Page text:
As we turn the page to 2021, many people take a moment around this time to reflect and rekindle the embers of a fresh start.
Our natural surroundings can serve as a reminder of this process. Sprouting plants and budding trees signal new beginnings.
Our industry plays an important role in that process. Many trees that once were young have grown to become community landmarks, marking important milestones. They become tethers to our shared history, and symbols of our strength and resilience.
Roots of history, branches of growth
When I think of trees that have become regional or national symbols, several come to mind.
One of the most famous is the Liberty Treein Boston. This elm stood near Boston Common in the years before our nation’s fight for independence. It became a rallying point for the American colonies and a symbol of a determined resistance to the English Crown.
In nearby Connecticut, the Charter Oak once stood in Hartford. Nestled in the Wyllys Hyll, this unusually large, 1,000-year-old white oak tree fell in a storm in 1856.
My wife is from that state, and we made the trek to visit the monument where the tree once stood (as everyone does at some point). I callously said, “OK, cool, a big tree on the ground where somebody hid a note — and why are we here?” (Not smart, by the way).
Turns out the “note” hidden in the tree was the Royal Charter of 1662, signed by King Charles II, which granted the colony of Connecticut some self-governance rights. In 1687, King James II decided to revoke the royal charters issued to colonies. Connecticut leaders decided to hide their charter where they hoped English authorities wouldn’t find it. The tree became a symbol of our fight for independence.
In New York City, the Survivor Tree stands near the 9/11 Memorial & Museum as a living reminder of resilience, survival and rebirth.
Crews excavating the rubble in the searing aftermath of the September 11, 2001 terrorist attacks discovered a severely damaged Callery pear tree, with snapped roots and burned and broken branches. I recall at the time the wonder that the tree survived at all.
Workers carefully removed the tree from the site and turned it over to the New York City Department of Parks and Recreation. In 2010, following a long rehabilitation, the tree was returned to the Ground Zero site and made part of the memorial. The symbolism of its gnarled trunk sprouting fresh branches is powerful.
But sometimes, it’s not just one tree.
In Washington, D.C., the National Cherry Blossom Festival takes place in late March and early April. It commemorates the gift of approximately 3,000 cherry trees from the mayor of Tokyo to the United States in 1912. The gift celebrated the friendship between the Japanese and American people. The trees were planted mainly around the Tidal Basin.
The festival attracts hundreds of thousands of people to our nation’s capital each year. Peak bloom occurs when 70% of the Yoshino cherry trees are open.
Sometimes, these trees pass into history. This summer, Northwesterners mourned the demise of the Old Apple Tree in Vancouver, Washington at 194 years old — an unusually long life. It was believed to be the oldest apple tree in the Pacific Northwest.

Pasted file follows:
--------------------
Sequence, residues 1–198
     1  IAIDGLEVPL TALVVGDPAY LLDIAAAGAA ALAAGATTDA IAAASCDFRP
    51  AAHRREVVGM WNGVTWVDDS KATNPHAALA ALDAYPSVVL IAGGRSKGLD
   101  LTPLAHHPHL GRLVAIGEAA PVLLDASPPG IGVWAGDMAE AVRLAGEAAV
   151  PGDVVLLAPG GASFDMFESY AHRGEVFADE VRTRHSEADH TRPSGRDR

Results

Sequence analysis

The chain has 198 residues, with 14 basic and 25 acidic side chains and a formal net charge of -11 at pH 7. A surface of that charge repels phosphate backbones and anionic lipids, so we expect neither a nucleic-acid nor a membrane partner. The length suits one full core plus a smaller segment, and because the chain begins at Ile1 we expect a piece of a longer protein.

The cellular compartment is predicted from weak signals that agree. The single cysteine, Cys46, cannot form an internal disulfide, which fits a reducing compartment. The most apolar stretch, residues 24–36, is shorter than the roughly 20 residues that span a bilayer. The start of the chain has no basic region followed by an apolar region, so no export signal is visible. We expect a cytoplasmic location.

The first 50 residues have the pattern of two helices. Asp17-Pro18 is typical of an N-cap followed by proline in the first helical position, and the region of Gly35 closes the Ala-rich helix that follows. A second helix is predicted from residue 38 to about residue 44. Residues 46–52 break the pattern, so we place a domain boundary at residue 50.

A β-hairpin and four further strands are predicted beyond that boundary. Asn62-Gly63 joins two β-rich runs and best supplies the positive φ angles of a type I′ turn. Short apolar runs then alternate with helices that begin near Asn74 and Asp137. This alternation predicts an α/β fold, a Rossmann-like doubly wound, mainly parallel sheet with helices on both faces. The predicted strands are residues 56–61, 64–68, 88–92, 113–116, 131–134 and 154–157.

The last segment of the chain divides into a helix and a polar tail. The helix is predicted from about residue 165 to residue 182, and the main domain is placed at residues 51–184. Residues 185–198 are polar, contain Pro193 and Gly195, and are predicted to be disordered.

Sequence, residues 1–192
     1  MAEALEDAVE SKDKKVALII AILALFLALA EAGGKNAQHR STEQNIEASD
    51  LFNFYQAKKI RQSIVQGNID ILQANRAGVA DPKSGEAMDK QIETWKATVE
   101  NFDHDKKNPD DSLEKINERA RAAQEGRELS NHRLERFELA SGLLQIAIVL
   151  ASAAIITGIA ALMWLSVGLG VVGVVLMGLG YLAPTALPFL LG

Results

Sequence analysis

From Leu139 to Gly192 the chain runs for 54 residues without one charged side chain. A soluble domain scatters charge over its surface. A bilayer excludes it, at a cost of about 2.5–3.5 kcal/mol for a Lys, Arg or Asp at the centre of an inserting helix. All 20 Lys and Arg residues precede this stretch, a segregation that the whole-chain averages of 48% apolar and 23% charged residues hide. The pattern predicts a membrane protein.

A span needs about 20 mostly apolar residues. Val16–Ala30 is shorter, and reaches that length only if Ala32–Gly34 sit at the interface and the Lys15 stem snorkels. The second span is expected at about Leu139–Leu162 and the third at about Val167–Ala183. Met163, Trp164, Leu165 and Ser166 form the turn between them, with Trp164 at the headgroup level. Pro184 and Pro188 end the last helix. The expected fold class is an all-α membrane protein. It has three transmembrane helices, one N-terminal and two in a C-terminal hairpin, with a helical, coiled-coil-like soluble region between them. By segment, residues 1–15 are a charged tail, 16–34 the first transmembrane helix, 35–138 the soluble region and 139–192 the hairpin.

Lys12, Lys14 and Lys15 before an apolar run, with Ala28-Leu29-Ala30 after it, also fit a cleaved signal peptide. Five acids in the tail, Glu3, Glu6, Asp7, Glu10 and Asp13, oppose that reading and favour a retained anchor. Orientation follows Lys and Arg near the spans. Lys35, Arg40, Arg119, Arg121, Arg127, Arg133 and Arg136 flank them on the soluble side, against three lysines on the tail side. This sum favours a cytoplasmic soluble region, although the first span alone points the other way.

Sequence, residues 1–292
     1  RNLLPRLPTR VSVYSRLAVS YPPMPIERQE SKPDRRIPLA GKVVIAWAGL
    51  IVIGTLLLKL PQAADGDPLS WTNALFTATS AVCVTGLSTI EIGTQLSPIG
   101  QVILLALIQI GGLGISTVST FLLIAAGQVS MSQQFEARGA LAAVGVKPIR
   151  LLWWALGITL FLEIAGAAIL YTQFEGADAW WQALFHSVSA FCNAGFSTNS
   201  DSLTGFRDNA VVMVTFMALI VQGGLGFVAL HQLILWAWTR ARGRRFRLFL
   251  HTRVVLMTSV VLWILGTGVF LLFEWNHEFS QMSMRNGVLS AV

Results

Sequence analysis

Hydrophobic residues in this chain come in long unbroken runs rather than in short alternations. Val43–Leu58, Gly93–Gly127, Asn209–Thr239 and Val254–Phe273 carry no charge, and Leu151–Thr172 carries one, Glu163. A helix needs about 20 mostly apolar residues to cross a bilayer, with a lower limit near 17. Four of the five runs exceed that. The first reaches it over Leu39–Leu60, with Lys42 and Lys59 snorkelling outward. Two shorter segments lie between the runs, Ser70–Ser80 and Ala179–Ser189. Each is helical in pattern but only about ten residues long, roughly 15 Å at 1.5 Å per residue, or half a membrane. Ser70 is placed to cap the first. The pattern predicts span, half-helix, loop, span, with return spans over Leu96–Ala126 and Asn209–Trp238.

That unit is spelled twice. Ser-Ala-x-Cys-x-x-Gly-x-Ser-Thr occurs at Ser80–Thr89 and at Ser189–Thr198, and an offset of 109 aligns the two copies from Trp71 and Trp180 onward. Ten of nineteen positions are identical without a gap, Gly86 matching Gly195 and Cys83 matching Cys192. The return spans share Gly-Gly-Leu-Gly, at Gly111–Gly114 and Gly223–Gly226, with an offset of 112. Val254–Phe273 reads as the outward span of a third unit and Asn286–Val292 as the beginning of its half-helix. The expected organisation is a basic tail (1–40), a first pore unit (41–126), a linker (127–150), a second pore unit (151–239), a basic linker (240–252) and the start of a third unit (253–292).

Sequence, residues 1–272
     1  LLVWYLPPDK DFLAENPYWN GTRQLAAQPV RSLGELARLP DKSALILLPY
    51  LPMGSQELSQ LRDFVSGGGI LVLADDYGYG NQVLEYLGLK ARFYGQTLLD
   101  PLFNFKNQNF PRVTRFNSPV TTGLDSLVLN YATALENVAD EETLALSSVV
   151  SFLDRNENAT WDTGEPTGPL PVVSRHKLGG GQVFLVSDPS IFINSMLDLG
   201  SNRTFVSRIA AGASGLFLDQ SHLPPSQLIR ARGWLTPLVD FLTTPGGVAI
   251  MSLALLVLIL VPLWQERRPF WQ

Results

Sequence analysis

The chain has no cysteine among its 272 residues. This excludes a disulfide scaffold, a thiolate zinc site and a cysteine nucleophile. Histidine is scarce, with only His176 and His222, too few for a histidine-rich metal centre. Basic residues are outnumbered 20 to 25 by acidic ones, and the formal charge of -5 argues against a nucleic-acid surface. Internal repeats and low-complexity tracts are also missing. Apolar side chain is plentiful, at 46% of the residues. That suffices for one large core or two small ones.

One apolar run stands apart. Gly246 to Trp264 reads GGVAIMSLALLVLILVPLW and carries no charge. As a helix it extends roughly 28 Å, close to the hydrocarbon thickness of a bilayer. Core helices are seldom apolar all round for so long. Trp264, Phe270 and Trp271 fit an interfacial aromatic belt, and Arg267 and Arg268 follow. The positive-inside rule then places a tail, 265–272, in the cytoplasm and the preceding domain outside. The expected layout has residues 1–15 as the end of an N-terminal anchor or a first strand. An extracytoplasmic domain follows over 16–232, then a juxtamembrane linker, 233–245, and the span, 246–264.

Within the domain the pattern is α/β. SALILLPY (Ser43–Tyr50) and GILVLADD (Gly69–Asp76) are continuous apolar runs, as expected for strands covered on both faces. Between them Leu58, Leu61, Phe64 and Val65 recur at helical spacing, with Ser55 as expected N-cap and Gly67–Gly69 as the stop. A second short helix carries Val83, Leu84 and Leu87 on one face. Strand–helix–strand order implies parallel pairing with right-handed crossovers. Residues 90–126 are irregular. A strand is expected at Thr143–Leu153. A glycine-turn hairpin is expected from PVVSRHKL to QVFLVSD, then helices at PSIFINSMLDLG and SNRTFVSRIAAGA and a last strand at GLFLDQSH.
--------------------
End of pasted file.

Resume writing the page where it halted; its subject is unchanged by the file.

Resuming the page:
The tree was planted from seed in 1826 at Fort Vancouver, a fur-trading outpost established by the Hudson’s Bay Company, and became a symbol of Washington’s apple industry. It survived the closing of the fort, the brutal Columbus Day ice storm of 1962, and the construction of nearby freeways, but a worsening split in the trunk finally disabled the tree’s circulation system and killed it.
A fenced enclosure and plaque still remain, along with the decaying stump. According to the Columbian newspaper, Vancouver arborists have nurtured root suckers growing around and from the tree, with an eye toward selecting one as an ultimate replacement.
A nation rediscovers plants and trees
Although 2020 is a year none of us want to repeat, it had a bright spot for nurseries. The general public rediscovered the joy of the outdoor living space.
Some of this was due to people being cooped up at home (I’ll call this “the Stone family example”). They looked with derision at the state of their yards and decided, “Dang it, it’s time to do something about it.” For others, gardening provided a positive activity to provide tangible beauty, mere steps away.
For years, the OAN has promoted gardening to consumers through its ongoing Plant Something Oregon campaign, newsletter and website (www.PlantSomethingOregon.com).The materials explain the physical, mental and environmental benefits of plants and trees. They encourage gardening as something families can do together — no matter what is happening at work, school or the community.
Axiom, a marketing firm, pulled together a 2021 gardening insights survey, available on the Internet (tinyurl.com/yc5yna6v) and I highly recommend reading it. It found that an astounding 86% of homeowners flocked to gardening, and 50% indicated they will plant more next year and expand their garden.
Best of all, these new or renewed gardeners built their confidence. According to the report, “more than 80% of those surveyed said they felt successful or very successful in their 2020 gardening tasks.”
“This is great news for the horticulture industry,” the report stated. “When homeowners feel successful, they buy more plants, are more likely to try new types of gardening and expand their knowledge. These are all signs that 2021 will be another busy year.”
I share this optimism. The nursery and greenhouse industry will experience new beginnings and growth in 2021. We will build new connections, new icons, new symbols of our resilience. Seeing the love of gardening renewed provides me with optimism for the coming year.